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Us Prohibition And Crime

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During the 1920s to the 1930s the efforts in the United States to pass laws prohibiting the sale and consumption of alcohol substantially contributed to crime rates and violence. This was made possible through the ratification of Eighteenth Amendment.

The modern movement for prohibition had its main growth in the United States and developed largely as a result of the agitation of nineteenth century temperance movements. The history of the brewing industry in the United States and the history of the prohibition movement were closely related. Brewing became a big business in the later part of the nineteenth century. German immigrants brought lager beer to the United States, and it became popular. Saloons grew in abundance, enticing customers with the draw of alcohol, gambling, and prostitution.

In response to the rapidly growing market for alcohol and expansion of saloons, supporters of a different kind of America formed. The Anti-Saloon League, an organization formed in 1893 by representatives of temperance societies and evangelical Protestant churches, "had the intentions of bringing business-like methods to political and reform work." 1 With prohibition as a main focus, the League used the widespread dislike of the saloon among "respectable" Americans to fuel prohibition sentiments.

The mission of the Anti-Saloon League grew in support. It did not take long for other groups, such as the Woman's Christian Temperance Union ("the largest female reform society of the late nineteenth century"), to join in the opposition of liquor sales in America. 2 With increasing support, Prohibition surfaced as a political issue.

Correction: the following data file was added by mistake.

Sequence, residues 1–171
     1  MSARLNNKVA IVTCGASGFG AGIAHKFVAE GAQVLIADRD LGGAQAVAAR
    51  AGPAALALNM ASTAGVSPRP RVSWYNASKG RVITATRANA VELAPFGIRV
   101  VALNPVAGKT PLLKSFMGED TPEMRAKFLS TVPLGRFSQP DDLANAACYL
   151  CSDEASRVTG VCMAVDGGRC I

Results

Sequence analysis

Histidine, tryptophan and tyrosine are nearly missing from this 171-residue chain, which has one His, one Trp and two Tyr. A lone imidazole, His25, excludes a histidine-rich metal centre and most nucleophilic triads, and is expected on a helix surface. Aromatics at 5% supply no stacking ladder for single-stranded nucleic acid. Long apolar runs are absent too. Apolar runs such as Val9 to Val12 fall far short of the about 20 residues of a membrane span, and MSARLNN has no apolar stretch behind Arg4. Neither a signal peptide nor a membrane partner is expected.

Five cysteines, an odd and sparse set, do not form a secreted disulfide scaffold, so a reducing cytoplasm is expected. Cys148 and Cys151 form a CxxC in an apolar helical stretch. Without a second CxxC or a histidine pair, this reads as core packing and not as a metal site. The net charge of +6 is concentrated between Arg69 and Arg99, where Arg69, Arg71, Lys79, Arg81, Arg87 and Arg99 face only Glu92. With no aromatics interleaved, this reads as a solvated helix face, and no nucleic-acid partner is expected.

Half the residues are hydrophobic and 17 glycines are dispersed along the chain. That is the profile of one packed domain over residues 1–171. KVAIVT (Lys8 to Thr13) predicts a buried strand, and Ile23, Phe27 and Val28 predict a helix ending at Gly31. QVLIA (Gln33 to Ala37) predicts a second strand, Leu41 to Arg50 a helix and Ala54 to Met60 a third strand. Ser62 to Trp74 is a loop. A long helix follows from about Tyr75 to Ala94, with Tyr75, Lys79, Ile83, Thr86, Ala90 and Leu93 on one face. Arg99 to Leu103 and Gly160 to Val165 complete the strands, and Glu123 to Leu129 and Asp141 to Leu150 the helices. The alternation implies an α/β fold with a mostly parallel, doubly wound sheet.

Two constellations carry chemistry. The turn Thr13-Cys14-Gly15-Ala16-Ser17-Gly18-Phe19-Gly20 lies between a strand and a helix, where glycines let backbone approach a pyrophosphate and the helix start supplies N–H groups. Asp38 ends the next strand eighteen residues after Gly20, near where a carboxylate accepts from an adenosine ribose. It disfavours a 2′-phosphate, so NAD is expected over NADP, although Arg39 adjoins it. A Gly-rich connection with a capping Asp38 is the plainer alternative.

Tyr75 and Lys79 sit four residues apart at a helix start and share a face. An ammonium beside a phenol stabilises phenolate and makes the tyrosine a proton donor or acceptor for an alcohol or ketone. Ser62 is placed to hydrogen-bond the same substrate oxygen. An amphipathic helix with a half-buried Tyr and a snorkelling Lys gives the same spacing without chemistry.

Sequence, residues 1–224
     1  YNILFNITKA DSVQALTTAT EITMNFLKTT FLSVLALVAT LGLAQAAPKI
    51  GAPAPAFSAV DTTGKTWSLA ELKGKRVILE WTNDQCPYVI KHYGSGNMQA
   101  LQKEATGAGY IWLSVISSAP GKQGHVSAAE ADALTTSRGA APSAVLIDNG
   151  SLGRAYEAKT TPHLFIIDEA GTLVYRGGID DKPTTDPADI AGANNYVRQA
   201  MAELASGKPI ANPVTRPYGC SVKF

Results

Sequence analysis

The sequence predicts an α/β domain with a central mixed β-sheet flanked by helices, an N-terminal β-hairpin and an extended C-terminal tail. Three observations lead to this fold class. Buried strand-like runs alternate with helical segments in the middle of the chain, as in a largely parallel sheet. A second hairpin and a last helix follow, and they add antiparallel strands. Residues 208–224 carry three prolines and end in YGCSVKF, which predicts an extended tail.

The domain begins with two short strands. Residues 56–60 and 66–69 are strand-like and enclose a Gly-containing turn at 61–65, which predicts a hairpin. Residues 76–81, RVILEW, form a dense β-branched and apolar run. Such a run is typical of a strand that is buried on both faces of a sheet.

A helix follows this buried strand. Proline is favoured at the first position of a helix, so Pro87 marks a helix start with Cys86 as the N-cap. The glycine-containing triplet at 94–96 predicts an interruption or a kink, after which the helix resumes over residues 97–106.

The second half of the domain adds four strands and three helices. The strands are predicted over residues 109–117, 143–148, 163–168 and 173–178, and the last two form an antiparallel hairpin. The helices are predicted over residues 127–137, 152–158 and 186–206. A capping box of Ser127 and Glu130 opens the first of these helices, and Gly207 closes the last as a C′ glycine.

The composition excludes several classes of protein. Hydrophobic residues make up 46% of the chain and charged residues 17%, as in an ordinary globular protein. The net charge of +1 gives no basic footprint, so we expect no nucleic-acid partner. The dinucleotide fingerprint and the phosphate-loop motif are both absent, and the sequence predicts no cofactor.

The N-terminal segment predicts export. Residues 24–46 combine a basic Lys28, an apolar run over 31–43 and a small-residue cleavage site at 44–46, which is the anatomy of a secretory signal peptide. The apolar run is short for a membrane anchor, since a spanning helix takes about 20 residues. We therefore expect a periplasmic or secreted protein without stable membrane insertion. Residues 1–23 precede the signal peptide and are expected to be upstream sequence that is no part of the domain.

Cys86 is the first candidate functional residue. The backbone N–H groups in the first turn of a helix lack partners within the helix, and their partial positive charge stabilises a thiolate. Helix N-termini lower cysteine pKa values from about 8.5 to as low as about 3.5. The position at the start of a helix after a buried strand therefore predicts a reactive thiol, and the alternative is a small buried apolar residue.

The 1920s were a time of tremendous change in America. While the temperance movement had been around since the turn of the century, it was during the 1920s that prohibition was truly popularized.

The Eighteenth Amendment took effect in January 1920, "banning the manufacture, sale, and transport of all intoxicating liquors." 3 The Volstead Act (National Prohibition Enforcement Act), passed on October 28, 1919, provided enforcement of the recently ratified Eighteenth Amendment. The act, passed over President Woodrow Wilson's veto, "affirmed and further specified the provisions of the Eighteenth Amendment, delineated fines and prison terms for violation of the law, empowered the Bureau of Internal Revenue to administer Prohibition, and classified as alcoholic all beverages containing more than one-half of 1 percent alcohol by volume." 4

Referred to by supporters as "the noble experiment" (as President Herbert Hoover had called it), Prohibition succeeded at lowering the consumption of alcohol, at least in rural areas. 5 At the same time, the amendment created a productive black market for alcohol sales. Illegal, or bootlegged, liquor became widely available in cities. Typically, smugglers brought this liquor into the United States from other countries, while other Americans produced alcohol at home. "Speakeasies," illegal bars where men and often women drank publicly, opened in most urban areas. 6